A Lovely Cup of Tea


Today’s friend that you need to know about is JennaDee Detro.  In addition to being a fabulous mother, darling friend and a talented photographer, she’s now launched a family company that produces tea right here in Texas!  She’s a really fun girl and I just know you’re going to love her, so without further adieu, here is JennaDee…

I’ve known Andrea for years, having both grown up in Houston.  We chatted often about running our own small businesses (her amazing jewelry and my photography company – studiodetro.com) and later corresponded via email about full time motherhood and small business ownership.  Not surprisingly, I’ve met some fabulous clients and friends compliments of Andrea’s amazing networking skills.  

Andrea and I both have very supportive families!  I know she loves how much her sweet mom helps her with her business and her babies!  Recently, my family rallied around a new business opportunity.

We love to spend time together at our family’s property between Austin and Houston. Last year, during my daughter’s nap time, I decided to utilize our newly installed internet access to research the plants at the ranch.  We quickly discovered that yaupon, a native understory tree, had been a special drink for Native American ceremonies as well as considered a daily source of energy.

“This stuff?! Really?!”, we thought as we researched preparation methods.

Yaupon has been a thorn in the side for most farmers and ranchers (including our dad) in our area of Texas; calling it a “tenacious weed” is putting it mildly. We started playing around with different ways to prepare the tea – we borrowed from eastern tea practices, researched how different Native American tribes consumed the beverage, and were informed by South American yerba mate preparation; we ran a gamut of taste tests!  Americans from New York to Hawaii, already on the lookout for yaupon tea, contacted us to participate as we developed our tea preparation methods.

My sister, Abianne Miller, and I have launched Cat Spring Tea together.  We are honored and delighted to see our family pull together to build this company.  It’s a completely vertical enterprise – we harvest, we transport, we manufacture, and we ship.  Oh, and we are also marketing a new product category: a caffeinated tea that is grown natively in the United States!  We are also learning how to work with individuals in need of second chance employment opportunities.  Abianne and I could not do it alone; our sister and our mom and the three men in our lives afford us great encouragement and deep resources.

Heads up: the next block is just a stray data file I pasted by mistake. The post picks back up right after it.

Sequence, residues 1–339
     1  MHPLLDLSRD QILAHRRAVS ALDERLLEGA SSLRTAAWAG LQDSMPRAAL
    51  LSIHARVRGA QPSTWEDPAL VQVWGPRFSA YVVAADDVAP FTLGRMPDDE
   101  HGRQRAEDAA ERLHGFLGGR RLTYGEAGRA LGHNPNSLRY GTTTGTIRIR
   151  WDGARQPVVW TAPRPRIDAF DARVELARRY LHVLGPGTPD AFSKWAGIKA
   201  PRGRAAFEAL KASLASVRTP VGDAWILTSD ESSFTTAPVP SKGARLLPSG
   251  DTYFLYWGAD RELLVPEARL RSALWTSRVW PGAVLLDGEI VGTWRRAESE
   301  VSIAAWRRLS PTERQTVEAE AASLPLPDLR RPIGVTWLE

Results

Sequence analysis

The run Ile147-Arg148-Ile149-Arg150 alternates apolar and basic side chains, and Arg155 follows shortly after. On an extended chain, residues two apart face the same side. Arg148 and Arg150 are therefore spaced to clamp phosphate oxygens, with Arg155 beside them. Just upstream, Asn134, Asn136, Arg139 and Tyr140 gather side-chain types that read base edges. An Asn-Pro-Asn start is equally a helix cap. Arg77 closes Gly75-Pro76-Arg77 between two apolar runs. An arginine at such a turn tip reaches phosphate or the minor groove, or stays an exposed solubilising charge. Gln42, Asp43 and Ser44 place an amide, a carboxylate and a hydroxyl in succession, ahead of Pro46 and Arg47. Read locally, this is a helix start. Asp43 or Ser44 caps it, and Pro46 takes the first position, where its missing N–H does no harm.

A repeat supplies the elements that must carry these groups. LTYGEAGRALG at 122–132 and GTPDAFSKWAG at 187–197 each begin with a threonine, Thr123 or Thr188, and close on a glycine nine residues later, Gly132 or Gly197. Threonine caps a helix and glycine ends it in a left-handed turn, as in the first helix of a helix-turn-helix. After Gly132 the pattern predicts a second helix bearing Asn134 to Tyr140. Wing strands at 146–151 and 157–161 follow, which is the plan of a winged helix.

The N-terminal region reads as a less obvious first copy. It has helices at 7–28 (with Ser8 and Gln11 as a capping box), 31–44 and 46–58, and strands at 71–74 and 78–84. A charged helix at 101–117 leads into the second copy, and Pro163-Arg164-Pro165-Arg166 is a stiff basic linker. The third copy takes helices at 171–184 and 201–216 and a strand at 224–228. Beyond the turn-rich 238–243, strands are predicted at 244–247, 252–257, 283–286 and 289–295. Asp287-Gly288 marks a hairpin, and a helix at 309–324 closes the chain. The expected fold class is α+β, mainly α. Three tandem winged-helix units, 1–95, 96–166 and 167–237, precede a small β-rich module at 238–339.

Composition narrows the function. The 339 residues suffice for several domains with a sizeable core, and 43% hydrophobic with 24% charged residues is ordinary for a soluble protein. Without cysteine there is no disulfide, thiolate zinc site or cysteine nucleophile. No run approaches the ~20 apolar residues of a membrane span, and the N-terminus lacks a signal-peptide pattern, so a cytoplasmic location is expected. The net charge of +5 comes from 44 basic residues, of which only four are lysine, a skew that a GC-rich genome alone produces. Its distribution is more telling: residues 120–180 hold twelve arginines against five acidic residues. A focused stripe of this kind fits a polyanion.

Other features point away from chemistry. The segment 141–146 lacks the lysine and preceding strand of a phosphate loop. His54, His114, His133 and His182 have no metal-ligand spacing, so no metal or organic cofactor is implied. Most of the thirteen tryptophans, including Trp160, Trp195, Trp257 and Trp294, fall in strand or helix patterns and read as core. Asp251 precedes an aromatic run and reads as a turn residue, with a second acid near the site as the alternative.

Through this process, we’ve discovered that Yaupon Tea is rich in caffeine at an octane higher than tea and slightly less than coffee. And the even better news? It offers theobromine – the same caffeine that’s in dark chocolate – so it provides a “jitter free” energy boost. It also contains antioxidants galore. While we’ve not yet tested our specific tea, research at the University of Florida compare the content potential to that of blueberries! And research at Texas A&M indicates that the leaves possess anti-inflammatory and chemo-preventative properties as tested in human colon cells. Pretty heady news for a humble plant that’s routinely bulldozed and burned to control its growth.

The historical legacy that we’ve discovered has been astounding. Yaupon has been thriving for many centuries in the United States, although we seem to have only recently “discovered” the enjoyable Yaupon Tea. Essentially, Native Americans benefited from Yaupon Tea, and we moderns forgot about it.

Widespread consumption dating back before A.D. 1050 along the Mississippi River has recently been confirmed by archaeological research. 17th century records are replete with trade agreements, cultivation, and preparation methods of Yaupon Tea among the native people and the Spanish explorers, missions and outposts. Yaupon Tea was exported to France by the name “Appalachina” and to England by the name “Cassina.”

Along with colonization, coffee and Asian tea imports increased in the United States. Serving imported tea came to be considered an act of high society and misunderstanding about the Native American ceremonial use of Yaupon Tea was widely circulated.

Recommended as a commercial crop in 1919 and 2009 in Journal of Economic Botany articles, Yaupon Tea was an imported tea and coffee substitute during American Civil War blockades. Yaupon Tea was later promoted in a United States Department of Agriculture study to counter the caffeine shortage and promote the World War II effort. Who knew we were literally surrounded by such unappreciated resources with quite a history?!

America could rediscover yaupon tea.  Alongside the opportunity to give these Texas tea trees a second chance, we desire to resource the largely untapped workforce of Texans struggling with the effects of poverty. Our goal is to offer second chance employment through our harvesting and tea manufacturing work – right now it’s all done by hand!  We have come to deeply appreciate the organizations and their members who support these brave individuals as they radically change their lives.  We’ve learned that there are few “first rung” job opportunities on the corporate ladder from poverty to middle class jobs.  Could our young tea company provide more life changing opportunities?  We hope to find out!

We’d love to share our tea with you whether you’re looking for an alternative source for caffeine or are curious about this forgotten resource. Please, visit us at www.catspringtea.com